The goal of mashing is to convert grain starch into fermentable sugars. A lot has been written about mashing. And most of it is wrong. Wrong or not applicable to craft distilling. How come? Because most information about mashing looks at starch conversion from a brewer's perspective. A brewer's perspective instead of a distiller's perspective. This iStill Blog post aims to amend that.
Mashing from a brewer's perspective
Beer balances alcohol with residual sweetness. As a result mashing, from a brewer's perspective, is finding that fine balance between the right amount of fermentable and unfermentable sugars. The fermentable sugars create the alcohol. The unfermentable ones, often called "dextrins", sweeten the flavor of the beer.
As a result, brewers use elaborate mashing schemes to achieve that fine balance. Step-up mashing protocols with rests at 40c, 65c, 70c, and more, help the brewer achieve his goals. And since most distillers didn't know much about mashing, many have used brewer's protocols. And that's wrong.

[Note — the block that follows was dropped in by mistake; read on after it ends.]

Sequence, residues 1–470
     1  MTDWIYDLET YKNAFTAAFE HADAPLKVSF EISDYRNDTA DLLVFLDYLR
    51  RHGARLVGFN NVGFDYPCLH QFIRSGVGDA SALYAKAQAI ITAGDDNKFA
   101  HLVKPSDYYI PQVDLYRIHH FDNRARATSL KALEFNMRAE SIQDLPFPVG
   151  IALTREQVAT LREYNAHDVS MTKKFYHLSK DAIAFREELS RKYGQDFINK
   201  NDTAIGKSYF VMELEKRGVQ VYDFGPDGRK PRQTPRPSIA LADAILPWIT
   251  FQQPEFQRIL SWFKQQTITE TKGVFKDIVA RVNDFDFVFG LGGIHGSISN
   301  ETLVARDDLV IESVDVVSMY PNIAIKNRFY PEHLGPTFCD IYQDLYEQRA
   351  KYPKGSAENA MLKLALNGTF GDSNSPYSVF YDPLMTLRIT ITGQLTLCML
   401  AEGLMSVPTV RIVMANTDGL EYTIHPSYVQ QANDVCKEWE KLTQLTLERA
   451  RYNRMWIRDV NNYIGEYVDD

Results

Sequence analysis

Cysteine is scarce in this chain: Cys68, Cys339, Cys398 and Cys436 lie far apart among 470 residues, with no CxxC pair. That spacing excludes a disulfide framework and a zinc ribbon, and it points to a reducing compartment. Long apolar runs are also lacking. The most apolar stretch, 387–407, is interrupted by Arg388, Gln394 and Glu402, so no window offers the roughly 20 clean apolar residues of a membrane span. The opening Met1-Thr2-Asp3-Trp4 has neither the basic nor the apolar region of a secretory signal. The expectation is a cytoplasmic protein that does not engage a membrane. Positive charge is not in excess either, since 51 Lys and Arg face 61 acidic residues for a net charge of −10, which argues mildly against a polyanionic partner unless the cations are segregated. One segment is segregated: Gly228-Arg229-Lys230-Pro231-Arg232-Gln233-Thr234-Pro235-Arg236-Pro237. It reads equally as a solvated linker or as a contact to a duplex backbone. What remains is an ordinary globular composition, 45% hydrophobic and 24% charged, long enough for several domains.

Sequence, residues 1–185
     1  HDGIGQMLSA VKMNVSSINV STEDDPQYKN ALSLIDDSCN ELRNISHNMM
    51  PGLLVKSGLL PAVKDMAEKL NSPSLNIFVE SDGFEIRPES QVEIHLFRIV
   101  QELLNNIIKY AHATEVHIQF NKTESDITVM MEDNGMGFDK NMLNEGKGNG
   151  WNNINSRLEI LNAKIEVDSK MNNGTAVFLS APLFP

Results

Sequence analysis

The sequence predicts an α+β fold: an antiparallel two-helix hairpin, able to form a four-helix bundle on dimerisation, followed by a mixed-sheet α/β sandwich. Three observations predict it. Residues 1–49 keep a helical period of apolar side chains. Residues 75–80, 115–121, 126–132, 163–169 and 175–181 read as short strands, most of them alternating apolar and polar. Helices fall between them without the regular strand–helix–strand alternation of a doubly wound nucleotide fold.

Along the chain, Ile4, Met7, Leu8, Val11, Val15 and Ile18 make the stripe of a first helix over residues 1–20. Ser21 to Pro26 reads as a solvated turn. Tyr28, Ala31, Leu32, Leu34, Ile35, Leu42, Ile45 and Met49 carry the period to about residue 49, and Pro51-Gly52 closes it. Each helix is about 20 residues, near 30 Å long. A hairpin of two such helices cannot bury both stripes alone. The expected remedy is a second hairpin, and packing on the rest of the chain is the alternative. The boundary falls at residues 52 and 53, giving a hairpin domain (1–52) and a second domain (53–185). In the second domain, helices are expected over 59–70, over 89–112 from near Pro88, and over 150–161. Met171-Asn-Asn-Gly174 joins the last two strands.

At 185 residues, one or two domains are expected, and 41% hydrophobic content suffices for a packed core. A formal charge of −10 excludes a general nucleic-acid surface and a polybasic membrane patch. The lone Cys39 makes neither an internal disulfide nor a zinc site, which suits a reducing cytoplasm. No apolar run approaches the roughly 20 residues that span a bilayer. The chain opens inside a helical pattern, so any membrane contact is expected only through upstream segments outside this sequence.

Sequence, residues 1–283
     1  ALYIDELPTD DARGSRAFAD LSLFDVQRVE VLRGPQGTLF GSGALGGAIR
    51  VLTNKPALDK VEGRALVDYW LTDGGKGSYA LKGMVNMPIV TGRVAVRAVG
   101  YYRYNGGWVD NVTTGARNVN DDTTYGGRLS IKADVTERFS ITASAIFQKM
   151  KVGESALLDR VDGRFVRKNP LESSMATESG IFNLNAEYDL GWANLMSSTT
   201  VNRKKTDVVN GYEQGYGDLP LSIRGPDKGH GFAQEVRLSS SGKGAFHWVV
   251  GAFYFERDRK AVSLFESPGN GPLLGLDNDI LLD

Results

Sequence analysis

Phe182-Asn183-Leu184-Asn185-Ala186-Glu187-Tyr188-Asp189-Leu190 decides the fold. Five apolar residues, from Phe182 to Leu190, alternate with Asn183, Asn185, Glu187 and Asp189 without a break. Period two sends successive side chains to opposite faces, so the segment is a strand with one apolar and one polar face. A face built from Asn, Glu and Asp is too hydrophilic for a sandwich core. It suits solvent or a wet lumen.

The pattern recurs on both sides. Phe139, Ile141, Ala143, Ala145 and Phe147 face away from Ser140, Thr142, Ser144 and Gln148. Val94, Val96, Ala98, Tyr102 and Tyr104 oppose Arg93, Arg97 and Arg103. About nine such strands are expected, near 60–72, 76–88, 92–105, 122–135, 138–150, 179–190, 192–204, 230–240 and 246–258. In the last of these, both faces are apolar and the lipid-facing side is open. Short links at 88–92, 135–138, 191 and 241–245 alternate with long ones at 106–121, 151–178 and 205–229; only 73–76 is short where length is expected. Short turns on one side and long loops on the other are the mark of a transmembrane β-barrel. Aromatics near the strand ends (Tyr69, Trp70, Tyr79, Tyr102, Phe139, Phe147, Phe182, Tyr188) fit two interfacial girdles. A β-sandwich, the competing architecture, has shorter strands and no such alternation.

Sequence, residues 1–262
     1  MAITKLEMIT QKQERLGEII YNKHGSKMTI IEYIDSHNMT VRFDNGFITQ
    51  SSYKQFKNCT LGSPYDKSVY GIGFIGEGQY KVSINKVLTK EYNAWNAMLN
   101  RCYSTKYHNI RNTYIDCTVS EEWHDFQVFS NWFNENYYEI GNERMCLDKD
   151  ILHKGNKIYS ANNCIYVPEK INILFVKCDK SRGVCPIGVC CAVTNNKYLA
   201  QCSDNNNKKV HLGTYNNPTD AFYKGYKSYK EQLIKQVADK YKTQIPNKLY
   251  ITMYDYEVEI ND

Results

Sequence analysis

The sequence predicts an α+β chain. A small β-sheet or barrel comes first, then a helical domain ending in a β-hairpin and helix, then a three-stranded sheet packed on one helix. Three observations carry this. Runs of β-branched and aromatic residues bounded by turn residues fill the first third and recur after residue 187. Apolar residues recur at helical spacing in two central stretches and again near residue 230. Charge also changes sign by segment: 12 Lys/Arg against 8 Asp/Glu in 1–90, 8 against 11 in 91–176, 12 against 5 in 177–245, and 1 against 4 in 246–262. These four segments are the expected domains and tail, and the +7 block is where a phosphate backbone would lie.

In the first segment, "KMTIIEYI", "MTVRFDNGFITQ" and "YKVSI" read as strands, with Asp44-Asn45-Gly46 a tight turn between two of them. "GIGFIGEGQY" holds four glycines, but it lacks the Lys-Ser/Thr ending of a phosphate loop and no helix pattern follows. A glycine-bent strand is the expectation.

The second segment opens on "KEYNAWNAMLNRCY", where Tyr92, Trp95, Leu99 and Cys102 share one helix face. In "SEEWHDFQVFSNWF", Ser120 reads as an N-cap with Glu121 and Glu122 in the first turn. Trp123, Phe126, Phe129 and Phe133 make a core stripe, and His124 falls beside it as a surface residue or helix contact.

Mashing from a distiller's perspective
Distillers aren't interested in sweetness in their distillers beer. Sweetness is a flavor that does not come across, when the base beer is distilled. So instead of focussing on getting both fermentable and unfermentable sugars, distillers should only focus in converting as many of the starch into fermentable sugars.
The consequence? Distillers do not need a brewer's approach to mashing. No need for difficult step-up mash schemes. Instead, always do step-down mashing. Like this:
Step-down mashing single malt
If you are planning to make whisky from malted barley only, your procedure is very easy:
You see how you only need to step-down? And remember: no heating is required.
Step-down mashing for other grain bills
Any other grain bill goes like this:
Anything more than that is overcomplicating things ...
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